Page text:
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The Sales Buzz Issue 242 - Create Rapport at Each Stage of the Sales Process
October 14, 2014

Create Rapport at Each Stage of the Sales Process

Create rapport with this quick guide for each stage of the sales process.

sales process

At the Introduction Stage

At the Introduction stage it takes confidence to let your true personality show through with someone you have just met. The more confident and competent you are the more relaxed your customer will be.

Confidence doesn’t mean arrogance or acting in a superior, self-important manner. It means having enough confidence in your ability to project the image that you think will be most effective while building the relationship with the buyer that is in front of you.

Competence means having the sales skills to know what to say to create rapport. Knowing what to say to grab the buyer’s attention, establish an agenda that you and the buyer are happy with, and personalising your introduction stage for each buyer. You can see a structured way of creating an effective sales introduction stage at Sales Techniques...

Questioning Stage

Creating rapport at the questioning stage is difficult for some people because it involves listening and not everyone is good at that.

Active listening means acknowledging what has been said, checking your own understanding, and using body language to show you are listening such as a slight nod of agreement or a tilt of the head that says, ‘Mmm, I’m not sure I agree with that.’

As you ask your questions pose them in a way that shows you are genuinely interested in the buyer, and you want to find out as much as you can so that you can present a sales proposal that matches their needs.

Proposal Presentation Stage

Personalise your presentation of the sales proposal to create rapport with the buyer.

Use the notes that you took in the questioning stage.

You do take notes don’t you because that shows you are interested in their answers.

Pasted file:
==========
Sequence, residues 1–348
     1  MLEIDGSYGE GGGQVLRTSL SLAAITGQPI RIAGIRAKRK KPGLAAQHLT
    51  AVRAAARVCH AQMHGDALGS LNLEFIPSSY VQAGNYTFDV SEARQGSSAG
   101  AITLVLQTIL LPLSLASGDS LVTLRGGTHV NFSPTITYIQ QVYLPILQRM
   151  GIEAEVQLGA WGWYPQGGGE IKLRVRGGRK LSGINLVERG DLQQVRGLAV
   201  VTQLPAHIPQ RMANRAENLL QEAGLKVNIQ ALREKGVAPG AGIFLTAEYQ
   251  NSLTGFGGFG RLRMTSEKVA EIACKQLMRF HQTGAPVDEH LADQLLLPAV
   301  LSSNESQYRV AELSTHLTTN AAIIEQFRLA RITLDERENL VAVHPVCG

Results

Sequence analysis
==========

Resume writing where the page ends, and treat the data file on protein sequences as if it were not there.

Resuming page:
Use body language and tone of voice to show you have emotion about the products.

Your presentation should be about the needs, wants, and desires of your customer.

And about the way you will help them to gain what they want through the benefits that your sales proposal will give them. This makes it personal to them and that builds rapport.

Closing the Sale

Using the wrong closing techniques will ruin any rapport you have built and spoil the relationship with the customer.

If you use sales closing techniques that include linguistic trickery, too much pressure to gain agreement, bullying, or if they think you have been too quick to pounce on a question that you thought was a buying signal, you could not only lose the rapport and that opportunity, but also any future opportunities for repeat business.

If you like the idea of improving your closing skills, so that you keep the rapport that you have created, take a look at the course I have developed on closing skills at How to Close a sale...

You can see a full page on more ways to create rapport throughout the selling process at Sales Skill to create rapport.

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I'm Stephen Craine from the website

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